Hotel Tropico Latino hopes to inspire Santa Teresa businesses to join them in regular monthly cleanups to keep Santa Teresa beaches trash free.
They propose that all Santa Teresa businesses unite together to donate an hour of their time each month to go with their employees to pick up trash and debris from Santa Teresa’s beaches.
“Together we can do a big cleanup to leave the beach completely clean, and create community awareness while conserving our natural resources. We hope that everyone will unite with us to keep Santa Teresa clean,” states a hotel video message.
The beaches of Santa Teresa, Costa Rica – Playa Carmen, Santa Teresa, Playa Hermosa – consistently win Costa Rica’s ecological Blue Flag award. And tourism runs the economy, with tourists from all over the world coming to enjoy the breathtaking pristine beaches, beautiful jungle and sunny tropical climate.
However, like all tourists everywhere, they generate trash from consuming items like food, drinks, sunscreen, insect repellent, etc. Add to that the normal waste from the community and businesses, and it multiplies radically. Then there are the random flotsam and jetsam that simply come ashore from ocean currents.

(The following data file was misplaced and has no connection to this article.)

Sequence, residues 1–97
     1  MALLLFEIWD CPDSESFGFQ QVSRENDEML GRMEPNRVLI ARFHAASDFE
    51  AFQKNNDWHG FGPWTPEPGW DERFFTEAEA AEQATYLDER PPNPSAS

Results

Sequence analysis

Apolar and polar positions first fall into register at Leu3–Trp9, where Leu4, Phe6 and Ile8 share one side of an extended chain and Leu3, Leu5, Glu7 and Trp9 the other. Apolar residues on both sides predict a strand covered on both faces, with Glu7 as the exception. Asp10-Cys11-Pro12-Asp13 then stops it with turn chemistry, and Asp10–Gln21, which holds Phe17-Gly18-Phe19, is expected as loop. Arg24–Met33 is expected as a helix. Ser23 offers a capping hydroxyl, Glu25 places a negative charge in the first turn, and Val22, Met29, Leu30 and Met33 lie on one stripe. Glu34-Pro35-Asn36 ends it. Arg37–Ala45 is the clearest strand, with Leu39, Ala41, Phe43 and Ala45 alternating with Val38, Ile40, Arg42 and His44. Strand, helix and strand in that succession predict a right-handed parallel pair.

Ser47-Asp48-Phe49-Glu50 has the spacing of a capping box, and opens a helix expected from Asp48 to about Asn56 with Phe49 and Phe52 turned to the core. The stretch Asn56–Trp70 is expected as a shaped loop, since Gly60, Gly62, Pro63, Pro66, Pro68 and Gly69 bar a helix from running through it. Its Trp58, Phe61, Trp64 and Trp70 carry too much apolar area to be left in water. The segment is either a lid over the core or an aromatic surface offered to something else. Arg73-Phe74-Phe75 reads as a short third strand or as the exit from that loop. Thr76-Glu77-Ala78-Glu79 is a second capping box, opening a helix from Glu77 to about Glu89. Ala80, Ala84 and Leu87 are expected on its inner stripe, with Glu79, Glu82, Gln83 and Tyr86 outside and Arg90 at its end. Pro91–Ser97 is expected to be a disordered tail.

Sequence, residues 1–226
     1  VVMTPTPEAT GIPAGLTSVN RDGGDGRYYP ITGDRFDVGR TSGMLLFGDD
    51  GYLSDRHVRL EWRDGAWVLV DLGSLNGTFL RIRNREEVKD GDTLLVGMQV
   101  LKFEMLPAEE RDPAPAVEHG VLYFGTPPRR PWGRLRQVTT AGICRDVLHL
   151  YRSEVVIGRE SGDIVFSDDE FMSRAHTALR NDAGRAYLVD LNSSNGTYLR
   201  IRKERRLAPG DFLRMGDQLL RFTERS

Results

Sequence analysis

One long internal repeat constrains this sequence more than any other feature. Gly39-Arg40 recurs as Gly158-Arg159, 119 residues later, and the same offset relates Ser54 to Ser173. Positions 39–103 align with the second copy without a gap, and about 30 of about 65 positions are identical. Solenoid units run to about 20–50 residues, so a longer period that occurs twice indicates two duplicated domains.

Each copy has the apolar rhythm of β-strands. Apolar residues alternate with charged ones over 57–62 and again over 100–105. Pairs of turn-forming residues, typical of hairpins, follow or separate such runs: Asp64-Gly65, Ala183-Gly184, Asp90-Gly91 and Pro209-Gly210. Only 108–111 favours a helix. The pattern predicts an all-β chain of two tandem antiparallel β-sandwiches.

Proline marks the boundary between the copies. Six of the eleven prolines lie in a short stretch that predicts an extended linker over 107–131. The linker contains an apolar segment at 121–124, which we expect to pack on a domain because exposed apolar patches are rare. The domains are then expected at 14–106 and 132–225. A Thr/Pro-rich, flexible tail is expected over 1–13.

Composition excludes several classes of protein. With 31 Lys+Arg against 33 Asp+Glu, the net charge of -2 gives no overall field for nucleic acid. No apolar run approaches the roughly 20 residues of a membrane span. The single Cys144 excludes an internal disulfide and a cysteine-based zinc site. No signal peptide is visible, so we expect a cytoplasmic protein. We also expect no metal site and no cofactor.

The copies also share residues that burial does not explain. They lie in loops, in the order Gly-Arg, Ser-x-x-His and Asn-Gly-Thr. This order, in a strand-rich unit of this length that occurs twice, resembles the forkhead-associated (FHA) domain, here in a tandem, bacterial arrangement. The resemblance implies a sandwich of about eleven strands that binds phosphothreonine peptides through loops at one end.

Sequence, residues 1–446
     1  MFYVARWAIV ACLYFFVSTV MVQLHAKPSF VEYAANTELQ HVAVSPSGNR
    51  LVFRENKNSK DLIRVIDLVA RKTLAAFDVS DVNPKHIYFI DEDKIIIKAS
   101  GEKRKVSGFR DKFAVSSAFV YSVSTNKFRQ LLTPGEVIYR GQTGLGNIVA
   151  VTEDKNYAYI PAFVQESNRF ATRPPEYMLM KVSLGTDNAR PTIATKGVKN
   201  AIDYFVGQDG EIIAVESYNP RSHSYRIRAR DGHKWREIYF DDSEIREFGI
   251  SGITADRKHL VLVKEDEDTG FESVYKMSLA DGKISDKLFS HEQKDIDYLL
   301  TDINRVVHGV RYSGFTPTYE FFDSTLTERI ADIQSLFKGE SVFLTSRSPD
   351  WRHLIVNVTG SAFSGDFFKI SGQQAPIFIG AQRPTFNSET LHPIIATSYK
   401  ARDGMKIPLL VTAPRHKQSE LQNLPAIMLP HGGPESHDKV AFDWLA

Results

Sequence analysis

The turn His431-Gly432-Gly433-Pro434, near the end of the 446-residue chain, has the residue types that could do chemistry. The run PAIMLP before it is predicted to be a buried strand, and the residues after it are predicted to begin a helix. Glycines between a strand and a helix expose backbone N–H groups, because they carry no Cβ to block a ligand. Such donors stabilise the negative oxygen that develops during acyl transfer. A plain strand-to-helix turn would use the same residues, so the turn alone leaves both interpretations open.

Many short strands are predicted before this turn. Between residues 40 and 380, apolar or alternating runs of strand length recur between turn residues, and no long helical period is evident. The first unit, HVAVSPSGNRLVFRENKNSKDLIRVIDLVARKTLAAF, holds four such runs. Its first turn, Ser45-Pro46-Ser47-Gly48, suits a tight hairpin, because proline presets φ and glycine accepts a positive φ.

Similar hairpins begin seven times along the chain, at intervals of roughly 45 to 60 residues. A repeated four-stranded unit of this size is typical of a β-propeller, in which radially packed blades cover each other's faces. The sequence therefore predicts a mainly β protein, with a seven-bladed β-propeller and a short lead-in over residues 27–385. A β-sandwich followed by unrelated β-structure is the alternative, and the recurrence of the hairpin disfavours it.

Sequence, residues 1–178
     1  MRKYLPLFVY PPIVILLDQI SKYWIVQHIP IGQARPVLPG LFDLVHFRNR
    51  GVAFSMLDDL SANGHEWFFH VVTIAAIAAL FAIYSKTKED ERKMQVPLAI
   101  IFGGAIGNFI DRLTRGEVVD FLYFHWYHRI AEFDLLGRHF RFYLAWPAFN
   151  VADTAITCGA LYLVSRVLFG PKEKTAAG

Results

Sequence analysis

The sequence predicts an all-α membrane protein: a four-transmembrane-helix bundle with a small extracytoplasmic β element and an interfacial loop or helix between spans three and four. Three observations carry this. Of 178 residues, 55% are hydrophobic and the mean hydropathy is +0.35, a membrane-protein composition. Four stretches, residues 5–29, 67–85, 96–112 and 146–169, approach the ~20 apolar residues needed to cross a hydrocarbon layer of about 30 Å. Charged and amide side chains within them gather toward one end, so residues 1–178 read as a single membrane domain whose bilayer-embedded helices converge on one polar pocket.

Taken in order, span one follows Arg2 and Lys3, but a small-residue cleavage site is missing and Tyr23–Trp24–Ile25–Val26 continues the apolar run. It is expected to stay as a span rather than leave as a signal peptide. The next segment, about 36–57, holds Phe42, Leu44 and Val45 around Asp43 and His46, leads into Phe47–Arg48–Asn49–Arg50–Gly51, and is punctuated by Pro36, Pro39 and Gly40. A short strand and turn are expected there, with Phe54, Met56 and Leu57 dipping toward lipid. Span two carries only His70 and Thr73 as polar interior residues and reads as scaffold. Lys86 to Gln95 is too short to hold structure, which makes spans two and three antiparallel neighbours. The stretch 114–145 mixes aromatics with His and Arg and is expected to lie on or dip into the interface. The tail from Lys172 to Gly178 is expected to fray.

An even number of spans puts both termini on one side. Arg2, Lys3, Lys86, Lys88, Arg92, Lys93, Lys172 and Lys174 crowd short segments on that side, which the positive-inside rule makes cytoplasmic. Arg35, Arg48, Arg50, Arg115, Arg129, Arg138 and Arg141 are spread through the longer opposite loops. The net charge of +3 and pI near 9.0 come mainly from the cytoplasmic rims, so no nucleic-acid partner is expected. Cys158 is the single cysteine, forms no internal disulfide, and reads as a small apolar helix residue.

Santa Teresa has a monthly recycling program. And some of that plastic ocean trash washing up on Santa Teresa’s beaches is being converted to high-fashion clothing by designer/retailer H&M using Bionic Yarn – polyester made of recycled plastic waste. Bionic Yarn is made from plastic that washes up on beaches and waterway shorelines that is of too poor quality for traditional recycling, and usually ends up in landfills.
On World Oceans Day 2017 earlier this month, the Costa Rican government pledged to fight marine pollution in the form of single-use plastic and also created a new marine protected area near Santa Teresa.
Costa Rica added an 800-square-kilometer marine conservation area at Cabo Blanco at the tip of the Nicoya Peninsula, an important area for dolphins, whales, sea turtles, sea birds and other marine life. The country now protects slightly more than 15 percent of its territorial waters under conservation, joining The United Nations Environment Program in its goal to preserve one-tenth of all oceans by 2020.
“As a nation between two shores, the Caribbean and the Pacific, Costa Rica is conscious of the immeasurable benefits that these waters bring to life on Earth. With this in mind, we are striving to become a plastic-free zone and to expand marine protected areas, along with models of local governance to manage fisheries and tourism in a sustainable manner,” said the President of Costa Rica, Luis Guillermo Solís.
After joining the global UN Clean Seas campaign earlier this year, Costa Rica promised to replace single-use plastic – which can take hundreds of years to degrade – with renewable and compostable materials in at least 80 percent of the country’s public agencies, municipalities and businesses by 2021.
Article by Shannon Farley